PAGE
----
CRAYFISH (Fr. écrevisse), the name of freshwater crustaceans closely allied to and resembling the lobsters, and, like them, belonging to the order Macrura. They are divided into two families, the Astacidae and Parastacidae, inhabiting respectively the northern and the southern hemispheres.
The crayfishes of England and Ireland (Astacus, or Potamobius, pallipes) are generally about 3 or 4 in. long, of a dull green or brownish colour above and paler brown or yellowish below. They are abundant in some rivers, especially where the rocks are of a calcareous nature, sheltering under stones or in burrows which they dig for themselves in the banks and coming out at night in search of food. They are omnivorous feeders, killing and eating insects, snails, frogs and other animals, and devouring any carrion that comes in their way. It is stated that they sometimes come on land in search of vegetable food.
Crayfish (Cambarus sp.) from the Mississippi River. (After Morse.)
On the continent of Europe, Astacus pallipes occurs chiefly in the west and south, being found in France, Spain, Italy and the Balkan Peninsula. It is known in France as écrevisse à pattes blanches and in Germany as Steinkrebs, and is little used as food. The larger Astacus fluviatilis (écrevisse à pattes rouges, Edelkrebs) is not found in Britain, but occurs in France and Germany, southern Sweden, Russia, etc. It is distinguished, among other characters, by the red colour of the under side of the large claws. It is the species most highly esteemed for the table. Other species of the genus are found in central and eastern Europe and as far east as Turkestan. Farther east a gap occurs in the distribution and no crayfishes are met with till the basin of the Amur is reached, where a group of species occurs, extending into northern Japan. In North America, west of the Rocky Mountains, the genus Astacus again appears, but east of the watershed it is replaced by the genus Cambarus, which is represented by very numerous species, ranging from the Great Lakes to Mexico. Several blind species inhabit the subterranean waters of caves. The best known is Cambarus pellucidus, found in the Mammoth Cave of Kentucky.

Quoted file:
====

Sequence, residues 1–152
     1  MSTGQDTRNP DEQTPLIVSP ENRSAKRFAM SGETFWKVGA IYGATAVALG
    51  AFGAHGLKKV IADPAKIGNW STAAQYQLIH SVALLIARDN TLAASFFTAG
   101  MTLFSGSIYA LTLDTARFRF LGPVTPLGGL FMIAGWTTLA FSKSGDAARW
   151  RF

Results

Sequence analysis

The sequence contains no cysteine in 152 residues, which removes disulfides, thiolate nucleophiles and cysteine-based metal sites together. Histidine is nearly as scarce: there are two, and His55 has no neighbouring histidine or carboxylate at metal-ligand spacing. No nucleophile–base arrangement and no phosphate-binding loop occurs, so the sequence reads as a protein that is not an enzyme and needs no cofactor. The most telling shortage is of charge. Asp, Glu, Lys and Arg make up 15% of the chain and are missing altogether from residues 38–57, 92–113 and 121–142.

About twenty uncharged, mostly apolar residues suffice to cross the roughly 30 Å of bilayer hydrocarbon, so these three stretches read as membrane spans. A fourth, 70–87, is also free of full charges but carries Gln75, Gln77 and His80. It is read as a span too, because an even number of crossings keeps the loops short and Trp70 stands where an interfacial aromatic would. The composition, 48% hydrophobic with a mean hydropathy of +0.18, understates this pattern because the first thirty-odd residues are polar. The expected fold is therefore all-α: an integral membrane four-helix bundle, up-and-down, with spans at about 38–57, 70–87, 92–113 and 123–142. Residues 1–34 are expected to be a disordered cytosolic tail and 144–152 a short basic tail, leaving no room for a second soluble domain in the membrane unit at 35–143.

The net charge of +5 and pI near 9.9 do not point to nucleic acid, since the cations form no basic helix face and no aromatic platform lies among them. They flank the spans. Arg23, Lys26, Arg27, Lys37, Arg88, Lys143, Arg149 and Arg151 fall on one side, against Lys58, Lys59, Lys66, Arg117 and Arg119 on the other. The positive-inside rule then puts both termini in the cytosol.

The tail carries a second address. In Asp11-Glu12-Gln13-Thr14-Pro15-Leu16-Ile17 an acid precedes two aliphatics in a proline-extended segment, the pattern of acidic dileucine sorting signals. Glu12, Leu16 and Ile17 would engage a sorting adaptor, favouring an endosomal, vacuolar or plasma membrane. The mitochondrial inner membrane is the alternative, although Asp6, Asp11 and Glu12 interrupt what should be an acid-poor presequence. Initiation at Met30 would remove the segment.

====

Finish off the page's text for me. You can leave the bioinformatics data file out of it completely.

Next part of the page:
The area of distribution occupied by the southern crayfishes or Parastacidae is separated by a broad equatorial zone from that of the northern group, unless, as has been asserted, the two come into contact or overlap in Central America. None is found in any part of Africa, though a species occurs in Madagascar. They are absent also from the oriental region of zoologists, but reappear in Australia and New Zealand. Some of the Australian species, such as the "Murray River lobster" (Astacopsis spinifer), are of large size and are used for food. In South America crayfishes are found in southern Brazil, Argentina and Chile.
(W. T. Ca.)
Note - this article incorporates content from Encyclopaedia Britannica, Eleventh Edition, (1910-1911)